The Mind and Body Connection

The question has been challenging mankind for thousands of years – what is the precise connection between the mind and body? This poses another question as to the relationship between the mind and the brain. The answer coming from metaphysics is the range of the philosophers that try to prove that which is beyond physics – or the apparent physical. Modern science has taken a twofold approach to finding an answer – while searching for artificial intelligence a better understanding can be found by seeing the connection between hardware and software. The other approach is through biology to shed light on this issue. It is a well-known fact that Einstein’s brain has been preserved to help in biological research. In mind-body dualistic thought, it is said that mind and body are two separate entities. Pythagoras who preceded Socrates said the non-physical parts of an individual survive the death of the physical body. He believed in soul reincarnation.

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Socrates and Plato after him argued in favor of the surviving of the soul after death. Aristotle said that the soul is another “form” of the body but he reiterated that the intellectual part of this soul never died – was immortal. Christianity believes in the body being immortal because of a bodily resurrection without referring to a soul without a body. In both the Old as well as the New Testaments the soul in a metaphysical connotation was introduced in the 4th and 5th centuries AD by Augustine of Hippo who tried to argue that Platonism and Christianity were in tune with each other (Marvin 78).

In the 17th century, Rene Descartes argued that the only thing that can be said with surety is that he exists. Every other evidence provided by the senses, mathematical truths, and even the entire physical world all come under doubt but what cannot be of any doubt is the feeling of every individual that he or she exists. Even to doubt it one has to exist! Starting from this premise Descartes established that man is a thinker independent of the physical world – including the body encasing it.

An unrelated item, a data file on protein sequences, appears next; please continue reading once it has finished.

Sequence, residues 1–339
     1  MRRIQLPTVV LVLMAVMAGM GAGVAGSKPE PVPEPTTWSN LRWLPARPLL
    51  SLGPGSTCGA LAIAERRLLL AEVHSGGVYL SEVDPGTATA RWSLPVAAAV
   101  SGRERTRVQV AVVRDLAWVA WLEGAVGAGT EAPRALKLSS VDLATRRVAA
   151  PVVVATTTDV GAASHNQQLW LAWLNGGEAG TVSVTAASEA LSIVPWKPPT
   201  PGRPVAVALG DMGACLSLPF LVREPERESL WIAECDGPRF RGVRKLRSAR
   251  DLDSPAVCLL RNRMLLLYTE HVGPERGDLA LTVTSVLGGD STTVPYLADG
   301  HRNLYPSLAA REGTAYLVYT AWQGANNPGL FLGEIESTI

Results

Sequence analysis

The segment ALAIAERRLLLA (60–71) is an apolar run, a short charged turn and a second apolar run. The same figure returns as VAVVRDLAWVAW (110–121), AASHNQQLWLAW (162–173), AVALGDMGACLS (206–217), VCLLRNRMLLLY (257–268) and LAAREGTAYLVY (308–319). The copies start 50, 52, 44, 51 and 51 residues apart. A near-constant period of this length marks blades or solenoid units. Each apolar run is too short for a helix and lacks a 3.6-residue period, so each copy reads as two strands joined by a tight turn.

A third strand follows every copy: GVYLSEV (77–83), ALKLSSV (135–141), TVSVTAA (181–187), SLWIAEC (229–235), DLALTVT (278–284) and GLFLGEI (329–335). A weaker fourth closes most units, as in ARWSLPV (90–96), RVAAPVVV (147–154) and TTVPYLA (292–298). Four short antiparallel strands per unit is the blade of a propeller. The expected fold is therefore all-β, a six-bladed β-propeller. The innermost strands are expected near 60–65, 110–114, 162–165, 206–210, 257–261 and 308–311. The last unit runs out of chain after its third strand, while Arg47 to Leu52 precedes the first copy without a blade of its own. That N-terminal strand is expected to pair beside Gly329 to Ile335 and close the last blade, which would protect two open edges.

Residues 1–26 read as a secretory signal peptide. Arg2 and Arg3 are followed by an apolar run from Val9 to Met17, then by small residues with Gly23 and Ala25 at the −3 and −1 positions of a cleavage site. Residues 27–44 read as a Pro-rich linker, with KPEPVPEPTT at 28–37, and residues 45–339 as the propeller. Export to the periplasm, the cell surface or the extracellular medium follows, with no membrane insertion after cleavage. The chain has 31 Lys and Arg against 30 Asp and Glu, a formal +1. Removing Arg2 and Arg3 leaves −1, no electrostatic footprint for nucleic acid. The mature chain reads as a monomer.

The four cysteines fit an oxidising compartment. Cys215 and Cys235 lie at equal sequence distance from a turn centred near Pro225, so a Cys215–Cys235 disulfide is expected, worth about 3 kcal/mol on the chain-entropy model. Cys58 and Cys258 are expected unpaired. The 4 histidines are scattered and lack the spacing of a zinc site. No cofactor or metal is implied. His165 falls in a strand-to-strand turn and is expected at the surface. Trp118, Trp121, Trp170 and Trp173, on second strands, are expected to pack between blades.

Materialists believe that the mind is the brain and nothing but it. The Greek philosopher Democritus argued that there are two things – atoms and void. Atoms cannot be divided and these occupy space in which they move about. Thus if everything is reducible to physical atoms then the mind is also physical. Thomas Hobbes in the 17th century argued that everything is spatial and hence physical. He said that whenever people think of anything it has to be physical; even a ghost is given physical properties albeit hazy or smoky (Copleston 112).

This materialistic theory of the mind being the brain was dominant from the ’50s to the 80s. U.T. Place, in his paper, Is Consciousness a Brain Process? noted that consciousness is exclusively the same as the physical function of the brain. Another theory was expounded by Parmenides of Elea who was a monist of the pre-Socrates era – 6th or 5th centuries BC. His theory was that it is the mind that exists only and physical items including man’s body are all dependent on the mind for their existence.

Plato contended that the forms or eidos are non-physical. These are essences that exist independent of space, time, and the human mind. But if the mind is properly trained it can grasp the eidos in principle. Plato opines that the empirical world for its very existence depends upon the eidos (Marvin 123).